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ECMO to the Rescue

Expanding Access to Lifesaving Lung Support

When a patient experiences a life-threatening illness or injury that prevents their lungs or heart from working properly, extracorporeal membrane oxygenation (ECMO) — an advanced form of life support — may be needed. ECMO is typically performed at larger medical centers, which have the technology and expertise to offer this advanced level of life support.

"When medications and a breathing machine aren't enough, ECMO can serve as a bridge to medical improvement or a lung transplant," says Kalvin Lung, MD, a thoracic surgeon with Northwestern Medicine Canning Thoracic Institute. "We tend to use ECMO for patients who have severe lung failure from illness and injuries such as COVID-19, the flu, pneumonia, drowning and gunshot wounds. ECMO has fewer complications than using a ventilator to assist the lungs. In large part, we've become so much better with using ECMO because of COVID-19 and the flu."

How ECMO Works

ECMO does not treat lung or heart failure, but it does the jobs of the heart and lungs temporarily, allowing them to rest and providing more time to treat an underlying condition. ECMO involves a machine located outside the body that pumps the patient's blood, provides it with oxygen and helps the body get rid of carbon dioxide. The machine then returns the oxygenated blood to the patient.

When the ECMO machine is running, the non-oxygenated blood being removed from the body is dark red. After it's oxygenated by the machine, the returning blood is bright red.

Reasons to Use ECMO

The main reason to use ECMO therapy is severe lung failure that cannot be treated by medications or a breathing machine like a ventilator. Conditions that may require ECMO include:

  • Acute respiratory distress syndrome from viral or bacterial pneumonia
  • Respiratory failure due to too much carbon dioxide or not enough oxygen in the blood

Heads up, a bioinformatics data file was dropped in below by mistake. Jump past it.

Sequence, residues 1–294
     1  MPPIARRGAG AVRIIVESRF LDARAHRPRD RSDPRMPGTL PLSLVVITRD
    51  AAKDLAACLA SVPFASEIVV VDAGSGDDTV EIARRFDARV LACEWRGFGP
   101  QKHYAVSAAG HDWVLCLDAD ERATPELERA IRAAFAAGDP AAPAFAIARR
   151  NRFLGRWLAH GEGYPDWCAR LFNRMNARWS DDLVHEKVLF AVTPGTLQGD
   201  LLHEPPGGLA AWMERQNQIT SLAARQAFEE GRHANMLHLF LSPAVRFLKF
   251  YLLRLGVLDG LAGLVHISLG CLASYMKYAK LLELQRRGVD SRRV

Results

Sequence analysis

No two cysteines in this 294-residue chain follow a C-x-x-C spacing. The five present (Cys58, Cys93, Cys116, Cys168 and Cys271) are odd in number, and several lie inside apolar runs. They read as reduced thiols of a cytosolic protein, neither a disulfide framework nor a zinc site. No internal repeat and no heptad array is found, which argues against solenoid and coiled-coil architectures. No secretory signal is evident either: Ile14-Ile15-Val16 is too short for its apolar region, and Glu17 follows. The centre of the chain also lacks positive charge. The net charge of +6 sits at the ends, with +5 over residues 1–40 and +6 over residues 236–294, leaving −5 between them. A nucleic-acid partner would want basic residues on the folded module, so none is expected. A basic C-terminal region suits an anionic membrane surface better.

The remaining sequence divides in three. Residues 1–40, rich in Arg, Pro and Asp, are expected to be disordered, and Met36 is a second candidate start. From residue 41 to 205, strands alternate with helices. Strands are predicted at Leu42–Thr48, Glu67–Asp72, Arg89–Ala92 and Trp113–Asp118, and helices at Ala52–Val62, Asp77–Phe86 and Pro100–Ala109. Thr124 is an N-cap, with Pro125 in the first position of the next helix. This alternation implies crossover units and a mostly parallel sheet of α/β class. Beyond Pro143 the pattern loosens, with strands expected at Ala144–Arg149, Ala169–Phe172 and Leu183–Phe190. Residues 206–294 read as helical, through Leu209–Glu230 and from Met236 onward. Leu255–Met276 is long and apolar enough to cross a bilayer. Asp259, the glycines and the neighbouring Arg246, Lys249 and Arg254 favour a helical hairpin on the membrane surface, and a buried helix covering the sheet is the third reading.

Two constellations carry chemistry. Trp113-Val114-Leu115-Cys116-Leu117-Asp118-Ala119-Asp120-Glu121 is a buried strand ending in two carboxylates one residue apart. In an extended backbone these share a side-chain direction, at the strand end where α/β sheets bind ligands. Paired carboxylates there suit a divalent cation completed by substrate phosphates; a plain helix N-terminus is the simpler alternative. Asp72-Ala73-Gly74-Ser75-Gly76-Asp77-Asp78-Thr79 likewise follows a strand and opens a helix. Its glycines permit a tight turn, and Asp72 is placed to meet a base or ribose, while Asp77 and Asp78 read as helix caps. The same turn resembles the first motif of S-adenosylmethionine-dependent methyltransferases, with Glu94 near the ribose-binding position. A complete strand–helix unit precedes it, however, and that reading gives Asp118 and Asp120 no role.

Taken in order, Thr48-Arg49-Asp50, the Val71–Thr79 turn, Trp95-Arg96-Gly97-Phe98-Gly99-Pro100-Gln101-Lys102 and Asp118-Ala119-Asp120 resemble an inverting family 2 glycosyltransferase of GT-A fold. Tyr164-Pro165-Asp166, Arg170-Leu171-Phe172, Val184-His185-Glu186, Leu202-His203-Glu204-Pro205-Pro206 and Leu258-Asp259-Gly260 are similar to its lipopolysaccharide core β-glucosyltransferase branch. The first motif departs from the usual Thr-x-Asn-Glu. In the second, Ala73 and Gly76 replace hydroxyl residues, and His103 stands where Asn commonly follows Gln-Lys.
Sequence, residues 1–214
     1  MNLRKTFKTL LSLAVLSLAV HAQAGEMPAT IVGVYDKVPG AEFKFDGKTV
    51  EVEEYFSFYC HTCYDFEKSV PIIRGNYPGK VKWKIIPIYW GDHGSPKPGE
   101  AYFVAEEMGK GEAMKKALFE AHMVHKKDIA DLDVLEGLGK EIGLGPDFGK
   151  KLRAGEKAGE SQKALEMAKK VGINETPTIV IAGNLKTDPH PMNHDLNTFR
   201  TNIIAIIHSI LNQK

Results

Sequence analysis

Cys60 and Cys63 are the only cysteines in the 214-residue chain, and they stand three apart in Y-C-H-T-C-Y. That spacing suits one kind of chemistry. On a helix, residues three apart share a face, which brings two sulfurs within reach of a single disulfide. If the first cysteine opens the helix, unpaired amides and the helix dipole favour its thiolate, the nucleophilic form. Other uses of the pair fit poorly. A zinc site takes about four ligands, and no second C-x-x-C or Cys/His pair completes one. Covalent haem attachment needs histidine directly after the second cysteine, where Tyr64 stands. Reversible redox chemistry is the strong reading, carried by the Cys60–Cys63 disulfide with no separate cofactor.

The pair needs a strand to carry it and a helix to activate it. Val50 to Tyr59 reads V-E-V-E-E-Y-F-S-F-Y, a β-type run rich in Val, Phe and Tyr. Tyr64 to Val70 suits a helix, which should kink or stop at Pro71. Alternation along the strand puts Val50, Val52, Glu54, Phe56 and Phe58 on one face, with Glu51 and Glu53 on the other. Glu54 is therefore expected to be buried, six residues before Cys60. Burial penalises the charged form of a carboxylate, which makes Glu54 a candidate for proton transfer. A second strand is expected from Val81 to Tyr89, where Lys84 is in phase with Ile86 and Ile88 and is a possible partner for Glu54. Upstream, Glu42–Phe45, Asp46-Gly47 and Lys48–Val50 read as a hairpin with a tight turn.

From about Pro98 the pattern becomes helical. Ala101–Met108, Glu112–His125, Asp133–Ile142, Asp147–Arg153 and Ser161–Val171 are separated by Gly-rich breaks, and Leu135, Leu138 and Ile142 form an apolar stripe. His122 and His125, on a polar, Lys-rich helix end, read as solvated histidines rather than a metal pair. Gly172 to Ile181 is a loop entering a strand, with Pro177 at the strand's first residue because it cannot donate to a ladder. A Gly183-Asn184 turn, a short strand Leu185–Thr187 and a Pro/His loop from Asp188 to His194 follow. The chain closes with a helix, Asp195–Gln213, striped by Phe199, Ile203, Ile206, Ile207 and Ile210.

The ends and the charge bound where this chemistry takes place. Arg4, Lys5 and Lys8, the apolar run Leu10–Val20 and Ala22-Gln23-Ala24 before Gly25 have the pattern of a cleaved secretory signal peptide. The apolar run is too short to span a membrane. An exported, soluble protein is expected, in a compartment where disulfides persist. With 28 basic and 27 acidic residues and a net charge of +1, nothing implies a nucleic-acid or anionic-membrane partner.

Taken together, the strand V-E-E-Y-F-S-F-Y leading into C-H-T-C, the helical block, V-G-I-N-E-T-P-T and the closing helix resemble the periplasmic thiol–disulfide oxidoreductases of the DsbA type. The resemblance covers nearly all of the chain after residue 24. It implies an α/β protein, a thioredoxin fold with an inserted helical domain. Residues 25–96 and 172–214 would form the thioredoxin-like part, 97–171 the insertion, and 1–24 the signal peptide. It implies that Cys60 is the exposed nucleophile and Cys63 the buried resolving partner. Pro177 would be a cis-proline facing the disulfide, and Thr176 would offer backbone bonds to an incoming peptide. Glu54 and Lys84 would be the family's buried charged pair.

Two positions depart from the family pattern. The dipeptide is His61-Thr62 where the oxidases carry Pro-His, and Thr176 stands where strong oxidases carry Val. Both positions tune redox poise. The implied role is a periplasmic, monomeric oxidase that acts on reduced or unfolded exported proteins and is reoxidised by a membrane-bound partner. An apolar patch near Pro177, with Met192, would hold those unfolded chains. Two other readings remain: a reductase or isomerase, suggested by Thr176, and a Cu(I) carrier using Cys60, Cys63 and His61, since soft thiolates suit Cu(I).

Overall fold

• Supportive care while waiting for lung or heart transplantation
  • Severe lung injury immediately after transplantation
  • Heart attack
  • Pulmonary embolism, or a blockage in the pulmonary artery of the lungs
  • Severe damage to the lungs from a respiratory illness, like influenza or COVID-19
  • Sepsis (a life-threatening reaction to infection)

Patients can remain on ECMO for days, weeks or even months. Duration will depend on the underlying condition that caused the lung injury, whether the lung is expected to recover, or donor availability if the patient is waiting for an organ transplant. Unlike treatment with a ventilator, patients do not always need to be sedated to receive ECMO therapy. They may also be able to talk while on ECMO.

To help bring lifesaving ECMO therapy to even more patients across Illinois, Northwestern Medicine has created a mobile ECMO service called the Regional Lung Rescue Program.

Expanded Access to ECMO

The Northwestern Medicine Regional Lung Rescue Program increases access to ECMO therapy in communities across Illinois. Most patients with acute lung failure are not stable enough to be transported to a hospital that has ECMO, so this program brings ECMO to the patient. The Northwestern Medicine team travels to hospitals across Illinois to start ECMO for the patient. Once the patient is stable, an ambulance equipped with built-in ICU equipment can bring them to Northwestern Memorial Hospital in downtown Chicago for monitoring and further treatment.

"Without ECMO, many of these patients would not have survived," says Ankit Bharat, MD, chief of thoracic surgery and director of Canning Thoracic Institute. "Since time is of the essence, we're in constant communication with regional hospital staff to ensure all the necessary medications and resources are mobilized. During times like these, collaboration is vital, and their work ahead of time plays a big part in the efficiency of the ECMO procedure."

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